The oohs and ahhs were many at last night's panel discussion at the Philadelphia International Flower Show, "Transforming Public Landscapes," one in a series of evening presentations by what Pennsylvania Horticultural Society president Drew Becher called, the "rock stars of the landscape world."
Susan Weller, of Olin Partnership, drew admiring gasps with her slides of a redesigned Dilworth Plaza. And Lynden B. Miller, director of the Central Park Conservancy, offered a few drab views of the upper park's Conservatory Garden, then showed off how it looks today, a respite of formal gardens in East Harlem.
But, as is usually the case in matters of urban landscaping, it was Chicago that served as the most exciting inspiration. Doug Hoerr — the landscape architect most associated with a simple but game-changing development: the greening of Michigan Avenue's medians — described how he got involved with the project 18 years ago. Back then, he said, "the only color on Michigan Avenue was the [yellow] striping on the roads."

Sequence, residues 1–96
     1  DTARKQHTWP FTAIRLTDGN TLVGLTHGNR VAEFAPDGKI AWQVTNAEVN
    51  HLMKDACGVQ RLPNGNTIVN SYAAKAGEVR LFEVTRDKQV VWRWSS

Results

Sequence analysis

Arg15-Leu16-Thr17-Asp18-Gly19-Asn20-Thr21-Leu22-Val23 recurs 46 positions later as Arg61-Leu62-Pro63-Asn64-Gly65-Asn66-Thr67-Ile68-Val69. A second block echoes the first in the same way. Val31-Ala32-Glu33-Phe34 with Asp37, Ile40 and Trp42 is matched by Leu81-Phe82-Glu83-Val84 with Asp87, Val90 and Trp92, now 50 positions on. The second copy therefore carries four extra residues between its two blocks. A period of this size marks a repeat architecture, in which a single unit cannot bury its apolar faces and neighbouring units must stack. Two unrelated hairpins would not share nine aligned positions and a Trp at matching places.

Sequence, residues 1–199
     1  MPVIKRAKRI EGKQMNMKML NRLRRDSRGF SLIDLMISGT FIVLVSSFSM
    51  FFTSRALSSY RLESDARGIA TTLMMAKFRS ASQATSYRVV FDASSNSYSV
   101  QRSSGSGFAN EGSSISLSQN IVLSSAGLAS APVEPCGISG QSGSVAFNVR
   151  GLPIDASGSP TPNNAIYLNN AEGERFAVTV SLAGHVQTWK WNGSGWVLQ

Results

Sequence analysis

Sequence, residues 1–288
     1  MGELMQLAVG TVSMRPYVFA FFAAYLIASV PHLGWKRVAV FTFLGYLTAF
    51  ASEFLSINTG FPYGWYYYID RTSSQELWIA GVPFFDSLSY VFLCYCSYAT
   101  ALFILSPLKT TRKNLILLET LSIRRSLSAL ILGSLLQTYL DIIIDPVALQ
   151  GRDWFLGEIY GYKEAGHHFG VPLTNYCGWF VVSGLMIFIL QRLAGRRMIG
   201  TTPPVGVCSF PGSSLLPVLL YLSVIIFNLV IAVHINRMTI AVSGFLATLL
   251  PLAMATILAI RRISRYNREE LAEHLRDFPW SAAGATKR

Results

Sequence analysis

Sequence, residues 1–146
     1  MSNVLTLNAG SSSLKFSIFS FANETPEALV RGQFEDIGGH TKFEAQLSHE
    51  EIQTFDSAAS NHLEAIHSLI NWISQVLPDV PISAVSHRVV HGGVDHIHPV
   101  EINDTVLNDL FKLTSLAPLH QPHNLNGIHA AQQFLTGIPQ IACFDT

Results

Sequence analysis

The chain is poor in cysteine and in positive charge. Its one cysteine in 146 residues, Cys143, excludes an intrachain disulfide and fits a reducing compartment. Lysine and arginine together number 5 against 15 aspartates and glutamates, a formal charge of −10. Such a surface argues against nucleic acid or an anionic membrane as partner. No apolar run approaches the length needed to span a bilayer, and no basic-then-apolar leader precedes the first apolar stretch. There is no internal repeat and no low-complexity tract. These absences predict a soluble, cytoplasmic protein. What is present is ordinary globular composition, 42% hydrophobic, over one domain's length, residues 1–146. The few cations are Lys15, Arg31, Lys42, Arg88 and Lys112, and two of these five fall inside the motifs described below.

Terming this a "grand experiment of public horticulture in the middle of the street," Hoerr elaborated that he "wanted horticulture that was big enough, robust enough that it held its own against the architecture of the City of the Big Shoulders." As other presenters also emphasized, he added, "dollar for dollar, nothing is cheaper or more powerful than public horticulture."